Knowing Through the Eyes of Others
Sometimes to be able to see the connection between the origins of a geographical culture and its diaspora, it has to be viewed through another’s set of eyes. As a controversial anthropologist and a son of Jewish immigrants, who’s trying to sort out his own place in America, Melville Herskovits asks and studies the question, “What is a negro, in sense the term is used in the United States?”
In an effort to create a link between Africans and African-Americans, Melville Herskovits records a great deal of film and audio of the goings-on in West African, West Indies and Brazilian communities, which he uses to culturally compare and contrast the cultural practices across different lands. The recordings were his primary assets in systematically challenging some widely held myths of what it meant to be African-America.
Being that music was central in his research, one of Herskovits’ primary collaborators was Mieczyslaw Kolinski, who was an ethnomusicologist at the University of Berlin and transcribed and analyzed all of Herskovits’ musical recordings, trying to make connections between the music from Africa and the recordings the music from America.
Since Kolinski was a Polish-Jew, he had to flee Berlin in 1933, when the Nazi’s came into power, and evade them throughout the First World War. While trying to raise money to move Kolinski from Europe and into an American university, Herskovits lost touch with Kolinksi in 1941 and was convinced that Kolinski was sent back to Poland and into a concentration camp. It wasn’t until 1944 that Herskovits hears back form Kolinski, not only confirming that he survived but that he has also developed new theories of the connection between African and African-American music.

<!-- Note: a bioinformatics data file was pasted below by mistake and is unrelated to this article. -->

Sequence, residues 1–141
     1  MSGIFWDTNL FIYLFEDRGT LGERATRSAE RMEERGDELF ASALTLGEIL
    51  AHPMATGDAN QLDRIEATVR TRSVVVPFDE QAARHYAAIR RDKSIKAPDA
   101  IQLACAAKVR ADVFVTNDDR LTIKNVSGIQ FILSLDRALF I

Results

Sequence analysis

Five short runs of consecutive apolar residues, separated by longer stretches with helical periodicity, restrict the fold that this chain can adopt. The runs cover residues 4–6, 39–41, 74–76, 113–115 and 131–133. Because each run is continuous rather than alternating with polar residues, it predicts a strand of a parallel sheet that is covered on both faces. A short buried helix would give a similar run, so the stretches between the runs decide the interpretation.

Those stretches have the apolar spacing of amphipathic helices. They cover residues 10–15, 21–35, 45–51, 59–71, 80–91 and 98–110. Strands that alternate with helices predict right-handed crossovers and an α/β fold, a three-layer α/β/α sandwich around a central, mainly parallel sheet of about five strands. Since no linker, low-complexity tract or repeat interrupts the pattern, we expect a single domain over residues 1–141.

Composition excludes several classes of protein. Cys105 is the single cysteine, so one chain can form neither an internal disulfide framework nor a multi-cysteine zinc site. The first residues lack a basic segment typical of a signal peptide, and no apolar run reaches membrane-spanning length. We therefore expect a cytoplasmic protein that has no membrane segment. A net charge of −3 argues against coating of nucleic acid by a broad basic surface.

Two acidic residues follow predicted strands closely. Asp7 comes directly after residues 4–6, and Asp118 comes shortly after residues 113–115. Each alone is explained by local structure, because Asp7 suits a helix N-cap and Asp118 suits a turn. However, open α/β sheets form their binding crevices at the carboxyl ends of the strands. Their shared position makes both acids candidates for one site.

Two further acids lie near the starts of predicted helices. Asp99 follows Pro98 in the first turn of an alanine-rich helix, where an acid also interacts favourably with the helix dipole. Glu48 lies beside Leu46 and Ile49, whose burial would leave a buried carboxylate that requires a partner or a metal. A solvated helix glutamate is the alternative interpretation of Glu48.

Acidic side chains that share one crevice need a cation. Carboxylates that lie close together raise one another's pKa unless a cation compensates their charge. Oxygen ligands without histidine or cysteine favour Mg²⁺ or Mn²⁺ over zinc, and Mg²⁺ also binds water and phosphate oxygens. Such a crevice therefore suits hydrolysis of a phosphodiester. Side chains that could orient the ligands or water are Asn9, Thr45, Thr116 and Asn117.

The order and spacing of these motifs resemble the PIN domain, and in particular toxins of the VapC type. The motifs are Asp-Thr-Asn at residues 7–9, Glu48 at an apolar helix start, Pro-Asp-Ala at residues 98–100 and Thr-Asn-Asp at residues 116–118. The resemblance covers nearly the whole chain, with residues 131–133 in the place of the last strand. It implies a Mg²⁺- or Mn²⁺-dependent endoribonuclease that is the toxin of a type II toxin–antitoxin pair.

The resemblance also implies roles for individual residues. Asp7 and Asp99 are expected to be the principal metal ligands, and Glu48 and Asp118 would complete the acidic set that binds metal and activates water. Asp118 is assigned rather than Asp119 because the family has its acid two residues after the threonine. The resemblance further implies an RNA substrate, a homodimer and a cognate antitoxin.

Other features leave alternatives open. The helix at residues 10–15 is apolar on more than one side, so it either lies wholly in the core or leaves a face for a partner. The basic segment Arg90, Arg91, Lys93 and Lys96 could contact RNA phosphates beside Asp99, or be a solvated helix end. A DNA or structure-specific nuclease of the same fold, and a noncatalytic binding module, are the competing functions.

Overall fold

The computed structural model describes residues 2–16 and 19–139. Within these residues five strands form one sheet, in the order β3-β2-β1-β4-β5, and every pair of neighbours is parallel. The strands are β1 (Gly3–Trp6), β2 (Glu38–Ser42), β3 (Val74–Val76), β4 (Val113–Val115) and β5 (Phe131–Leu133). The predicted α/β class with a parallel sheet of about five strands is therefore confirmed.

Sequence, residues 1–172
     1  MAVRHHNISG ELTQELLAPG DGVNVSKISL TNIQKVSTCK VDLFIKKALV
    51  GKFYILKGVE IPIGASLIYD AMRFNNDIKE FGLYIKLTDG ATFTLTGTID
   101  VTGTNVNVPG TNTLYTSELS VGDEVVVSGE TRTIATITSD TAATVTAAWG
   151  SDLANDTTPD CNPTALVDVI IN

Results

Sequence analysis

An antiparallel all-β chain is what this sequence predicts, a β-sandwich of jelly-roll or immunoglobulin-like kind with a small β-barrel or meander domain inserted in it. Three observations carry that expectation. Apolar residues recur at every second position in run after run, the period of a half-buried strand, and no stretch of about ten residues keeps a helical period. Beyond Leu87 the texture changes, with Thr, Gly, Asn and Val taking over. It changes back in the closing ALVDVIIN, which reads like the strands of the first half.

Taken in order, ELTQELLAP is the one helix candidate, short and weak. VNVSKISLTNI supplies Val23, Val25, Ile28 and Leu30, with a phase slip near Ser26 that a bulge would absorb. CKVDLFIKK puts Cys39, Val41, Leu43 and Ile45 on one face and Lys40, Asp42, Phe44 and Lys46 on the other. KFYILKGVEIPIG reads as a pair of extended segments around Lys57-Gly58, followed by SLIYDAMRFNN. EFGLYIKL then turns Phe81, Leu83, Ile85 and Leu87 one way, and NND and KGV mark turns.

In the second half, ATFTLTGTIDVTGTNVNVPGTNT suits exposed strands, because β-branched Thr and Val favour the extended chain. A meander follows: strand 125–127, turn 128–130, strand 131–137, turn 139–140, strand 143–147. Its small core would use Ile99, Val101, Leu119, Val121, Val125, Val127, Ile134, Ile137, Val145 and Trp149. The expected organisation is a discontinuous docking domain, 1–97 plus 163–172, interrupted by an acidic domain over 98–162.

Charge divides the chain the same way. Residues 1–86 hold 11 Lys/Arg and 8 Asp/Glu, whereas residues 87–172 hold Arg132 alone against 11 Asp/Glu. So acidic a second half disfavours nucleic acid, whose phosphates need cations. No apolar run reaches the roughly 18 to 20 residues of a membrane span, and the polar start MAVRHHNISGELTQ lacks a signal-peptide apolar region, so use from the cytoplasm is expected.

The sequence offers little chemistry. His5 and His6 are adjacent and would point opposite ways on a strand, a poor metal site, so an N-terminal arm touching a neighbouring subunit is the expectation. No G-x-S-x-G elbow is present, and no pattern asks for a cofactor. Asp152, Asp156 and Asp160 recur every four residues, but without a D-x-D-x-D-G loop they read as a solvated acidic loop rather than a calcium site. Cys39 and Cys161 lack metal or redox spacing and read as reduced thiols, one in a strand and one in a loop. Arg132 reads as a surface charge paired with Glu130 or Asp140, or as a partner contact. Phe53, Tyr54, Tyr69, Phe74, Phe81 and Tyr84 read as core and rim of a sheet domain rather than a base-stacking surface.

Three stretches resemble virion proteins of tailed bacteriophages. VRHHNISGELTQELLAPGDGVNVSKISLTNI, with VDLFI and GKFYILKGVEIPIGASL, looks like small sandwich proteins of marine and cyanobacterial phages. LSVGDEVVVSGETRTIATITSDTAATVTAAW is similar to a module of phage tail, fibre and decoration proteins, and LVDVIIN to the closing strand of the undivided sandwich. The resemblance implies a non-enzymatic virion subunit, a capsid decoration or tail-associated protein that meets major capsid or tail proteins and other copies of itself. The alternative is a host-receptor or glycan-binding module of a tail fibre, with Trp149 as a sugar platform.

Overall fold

Through his controversial research and studies, Herskovits rejected the idea that African Americans lost all traces of their roots when they were taken from Africa and enslaved in America; emphasized race on a sociological platform; and developed the concept of cultural relativism. Faced with slow assimilation of Jewish immigrants into the American social fabric and the question of whether he wants to be a Jewish scholar, Jewish-American scholar or just an American scholar, Herskovits had to wrestle with his own personal struggles. This begs the question of whether his developing of African studies at Northwestern University wasn’t somehow politically motivated.
Director, Producer: Llew Smith
Executive Producer: Christine Herbes-Sommers
Producer, Director of Research: Vincent Brown
Editors: Kelly Thompson, James Rutenbeck
Production: Vital Pictures
Director of Photography: Tom Fahey
Coordination Producer: Wendy Riseborough
Photography: London Parker-McWhorter, Lolita Parker Jr.
Music: Bill Laswell, Axiom, OBT Music, Rounder Records, Smithsonian Folkways Recordings